Friday, July 25, 2014

Van Nuys Ranch Memories

A ranch and it's buildings are not just simple wooden structures but repositories of cherished memories held throughout decades of time by those who lived there. Here are just a sampling of some of the rich family memories of this place . Although we no longer live there we are happy that the buildings still stand and help us to remember....

Auntie Soo Jan :

I recall moving from the old farm house that had asparagus pushing up through the floors and termite invasions every spring over to the big house when I was about 9 years old, which would be 1947 or so. The house was built soon after World War Two was over. There were 3 bedrooms downstairs and 4 bedrooms upstairs. Posie, Jack and Joan occupied the downstairs, while my Mom and Dad, Guy, myself had our own bedrooms, then Pingy and Soo-Yin shared the last one. Soo-Yin was just a toddler. I don’t recall Dorothy and Corrine ever living there, but they did come to visit. I thought that Dorothy lived in a house in San Fernando because I remember visiting there and playing with a little girl down the street until her mother forbade her to play with an oriental (remember that this was right after the War). Correct me if I am wrong, but I believe that Jack left the big house when he went away to college. Joan moved to her own house when she married Richard. After they left, Guy and I moved downstairs and Pingy and Soo-Yin had their own rooms upstairs. My job was to take care of Posie’s needs, like doing her hair and driving her around for her errands. She loved to go out every day to Van Nuys for shopping and she’d just buy one little thing so that she could go again the next day for her outing

Auntie Soo Yin:
In our new house I remember us kids skating on the flat rooftop above the indoor porch when our parents weren't home. There were no barriers to catch us if we were unable to stop at the roof's edge. Brother Guy would dare us to see how far we could skate to the edge. It was fun and exciting to do something we weren't suppose to do.
 I loved our homestead. Our ranch was self-sustaining. We had our own gas pump, an auto- and repair shop, fruit trees of nectarines, oranges, pears, apricots, lemons, figs, walnuts, etc. We grew strawberries, grapes, corn, and vegetables of all kind. Behind the big red barn that faces Vanowen St. we had a large chicken coop. It was filled with hens and one rooster (probably purchased from Uncle Ed's Holly Hatchery or Albert Zoraster's hatchery). The rooster was a trip. During eclipse he would go to sleep, then wake up to sunlight and crow. When he grew old he got day and night all messed up and crowed at the wrong times. We raised a pheasant in the coop, too. Then San Tong got a bright idea. In addition to fresh eggs and chicken meat, we could have delicious squab meals too. So he threw feed onto the floor of the coop and all the stray pigeons flew into the lair. Immediately he covered its top with chicken wire. San Tong had wooden nests built from floor to ceiling in the coop, the lower half was for the hens, and the upper half was for the pigeons--hundreds.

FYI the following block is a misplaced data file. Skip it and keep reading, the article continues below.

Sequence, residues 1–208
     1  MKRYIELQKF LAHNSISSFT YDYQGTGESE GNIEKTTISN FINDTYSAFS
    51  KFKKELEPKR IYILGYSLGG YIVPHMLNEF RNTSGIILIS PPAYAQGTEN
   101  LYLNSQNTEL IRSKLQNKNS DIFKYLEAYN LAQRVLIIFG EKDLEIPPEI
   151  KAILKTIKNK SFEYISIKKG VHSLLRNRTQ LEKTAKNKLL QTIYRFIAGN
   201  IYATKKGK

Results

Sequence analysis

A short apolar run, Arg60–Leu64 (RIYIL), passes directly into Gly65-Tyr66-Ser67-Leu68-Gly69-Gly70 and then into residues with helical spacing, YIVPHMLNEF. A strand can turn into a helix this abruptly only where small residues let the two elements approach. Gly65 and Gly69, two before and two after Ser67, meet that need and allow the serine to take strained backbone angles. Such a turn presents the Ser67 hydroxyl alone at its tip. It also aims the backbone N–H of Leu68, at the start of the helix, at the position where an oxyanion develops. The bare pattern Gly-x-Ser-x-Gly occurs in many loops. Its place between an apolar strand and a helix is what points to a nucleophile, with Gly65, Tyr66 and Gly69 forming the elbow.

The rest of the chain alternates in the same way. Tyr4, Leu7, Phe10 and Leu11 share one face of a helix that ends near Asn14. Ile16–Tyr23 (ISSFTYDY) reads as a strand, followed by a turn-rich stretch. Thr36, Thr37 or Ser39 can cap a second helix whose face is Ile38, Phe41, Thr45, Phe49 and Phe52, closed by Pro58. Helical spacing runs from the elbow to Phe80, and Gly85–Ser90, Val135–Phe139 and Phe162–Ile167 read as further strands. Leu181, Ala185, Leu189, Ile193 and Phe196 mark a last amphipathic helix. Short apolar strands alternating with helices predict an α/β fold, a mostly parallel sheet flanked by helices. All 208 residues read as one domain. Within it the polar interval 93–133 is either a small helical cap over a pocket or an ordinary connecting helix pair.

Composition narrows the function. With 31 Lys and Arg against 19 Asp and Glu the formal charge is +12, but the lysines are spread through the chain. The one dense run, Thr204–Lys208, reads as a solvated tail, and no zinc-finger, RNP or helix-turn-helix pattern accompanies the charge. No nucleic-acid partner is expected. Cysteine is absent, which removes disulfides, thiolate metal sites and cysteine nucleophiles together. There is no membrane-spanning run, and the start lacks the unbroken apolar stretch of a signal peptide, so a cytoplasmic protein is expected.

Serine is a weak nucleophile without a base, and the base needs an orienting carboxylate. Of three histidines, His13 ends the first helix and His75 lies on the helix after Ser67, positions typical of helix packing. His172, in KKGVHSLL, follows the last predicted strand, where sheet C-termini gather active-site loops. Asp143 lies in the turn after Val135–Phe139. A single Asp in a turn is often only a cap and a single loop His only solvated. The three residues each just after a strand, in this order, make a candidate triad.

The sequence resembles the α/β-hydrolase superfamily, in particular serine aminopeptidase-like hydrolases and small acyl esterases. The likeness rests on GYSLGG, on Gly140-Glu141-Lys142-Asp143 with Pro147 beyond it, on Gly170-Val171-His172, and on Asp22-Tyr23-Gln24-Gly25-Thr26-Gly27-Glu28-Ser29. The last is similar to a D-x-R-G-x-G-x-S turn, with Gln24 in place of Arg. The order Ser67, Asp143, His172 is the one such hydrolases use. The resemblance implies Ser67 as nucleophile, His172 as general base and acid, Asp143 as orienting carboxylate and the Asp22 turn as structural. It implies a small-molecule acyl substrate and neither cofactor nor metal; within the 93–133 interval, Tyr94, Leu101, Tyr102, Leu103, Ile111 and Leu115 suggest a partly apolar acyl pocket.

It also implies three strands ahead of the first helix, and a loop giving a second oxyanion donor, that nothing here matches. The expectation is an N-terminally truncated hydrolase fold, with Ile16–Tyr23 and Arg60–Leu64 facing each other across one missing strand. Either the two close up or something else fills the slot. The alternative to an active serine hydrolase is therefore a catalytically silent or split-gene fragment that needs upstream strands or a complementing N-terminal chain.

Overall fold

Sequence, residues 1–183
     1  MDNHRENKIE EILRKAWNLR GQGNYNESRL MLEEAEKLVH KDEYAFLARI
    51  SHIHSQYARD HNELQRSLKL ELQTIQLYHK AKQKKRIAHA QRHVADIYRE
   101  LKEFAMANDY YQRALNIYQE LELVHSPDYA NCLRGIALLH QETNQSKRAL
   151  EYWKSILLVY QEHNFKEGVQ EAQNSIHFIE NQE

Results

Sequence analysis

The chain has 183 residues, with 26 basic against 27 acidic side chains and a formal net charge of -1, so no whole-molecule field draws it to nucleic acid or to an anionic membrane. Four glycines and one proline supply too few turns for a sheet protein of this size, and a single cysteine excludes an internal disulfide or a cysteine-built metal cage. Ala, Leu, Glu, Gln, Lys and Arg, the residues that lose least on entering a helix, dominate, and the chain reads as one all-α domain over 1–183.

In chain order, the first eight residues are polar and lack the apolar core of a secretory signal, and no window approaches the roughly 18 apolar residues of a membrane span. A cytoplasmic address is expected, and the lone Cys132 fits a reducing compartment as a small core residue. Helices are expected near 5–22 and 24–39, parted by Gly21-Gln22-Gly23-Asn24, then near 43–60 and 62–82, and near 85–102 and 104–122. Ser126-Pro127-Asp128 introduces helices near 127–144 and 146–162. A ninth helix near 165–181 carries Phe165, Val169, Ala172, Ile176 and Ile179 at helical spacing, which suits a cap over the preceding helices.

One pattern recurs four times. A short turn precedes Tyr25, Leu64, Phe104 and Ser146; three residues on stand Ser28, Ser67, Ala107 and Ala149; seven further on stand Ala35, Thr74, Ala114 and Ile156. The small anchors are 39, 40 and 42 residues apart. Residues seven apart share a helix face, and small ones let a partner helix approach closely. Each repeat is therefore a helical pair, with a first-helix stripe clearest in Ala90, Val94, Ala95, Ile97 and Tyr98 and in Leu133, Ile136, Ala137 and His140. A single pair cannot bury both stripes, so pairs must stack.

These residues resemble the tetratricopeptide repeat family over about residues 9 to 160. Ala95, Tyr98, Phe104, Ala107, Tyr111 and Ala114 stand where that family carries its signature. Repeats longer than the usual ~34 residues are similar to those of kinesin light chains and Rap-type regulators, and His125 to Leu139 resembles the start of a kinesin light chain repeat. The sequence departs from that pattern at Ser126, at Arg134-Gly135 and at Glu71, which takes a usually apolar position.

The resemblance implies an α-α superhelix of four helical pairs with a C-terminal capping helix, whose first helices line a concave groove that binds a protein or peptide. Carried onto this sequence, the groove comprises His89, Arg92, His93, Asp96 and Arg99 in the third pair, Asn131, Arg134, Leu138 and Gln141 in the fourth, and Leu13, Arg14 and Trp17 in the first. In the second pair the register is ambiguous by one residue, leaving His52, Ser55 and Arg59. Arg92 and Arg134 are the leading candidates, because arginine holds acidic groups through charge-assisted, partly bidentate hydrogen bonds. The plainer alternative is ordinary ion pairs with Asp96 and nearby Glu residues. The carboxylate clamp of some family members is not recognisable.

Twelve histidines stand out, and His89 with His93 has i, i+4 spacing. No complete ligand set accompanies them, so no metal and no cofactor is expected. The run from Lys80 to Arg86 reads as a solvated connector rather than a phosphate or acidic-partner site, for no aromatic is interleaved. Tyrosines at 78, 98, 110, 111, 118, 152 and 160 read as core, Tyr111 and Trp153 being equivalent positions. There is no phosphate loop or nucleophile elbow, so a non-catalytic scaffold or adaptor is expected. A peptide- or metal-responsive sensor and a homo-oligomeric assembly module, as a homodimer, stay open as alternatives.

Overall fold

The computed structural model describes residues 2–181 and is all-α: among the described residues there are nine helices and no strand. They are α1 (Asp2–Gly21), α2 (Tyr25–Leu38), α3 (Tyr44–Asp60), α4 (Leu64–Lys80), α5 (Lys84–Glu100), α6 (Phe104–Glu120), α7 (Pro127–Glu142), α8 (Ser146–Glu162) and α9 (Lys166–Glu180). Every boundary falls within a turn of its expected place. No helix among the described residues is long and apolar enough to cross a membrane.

As a toddler I would awaken from a nap, then my mother would take me out to see brother Jack's Morgan horse "Thunder," in a stable. I got to pet Thunder's nose and feed him some straw. I loved horses from then on. Each Spring our dog Bingo always found stray kittens born on our ranch. We would carry the kittens home in a field box, then divvy them up--one for each sibling. Brother Jack had a childhood friend, Jack White, with whom he went riding and exploring with. One day Thunder got stuck in quicksand and it took 5 Mexicans to pull the horse to safety.
 I loved Jack White's parents. Mrs. White was like Mrs. Santa Claus. She was plump and jolly, gray-haired, and blew a hardy laugh as she chugged up our driveway in her Model-T truck. At X-mas time she gave us wonderful storybooks, and when we visited her house on De Celis dirt road, she had the most amazing doll collection for you to see. They were a collector's dream.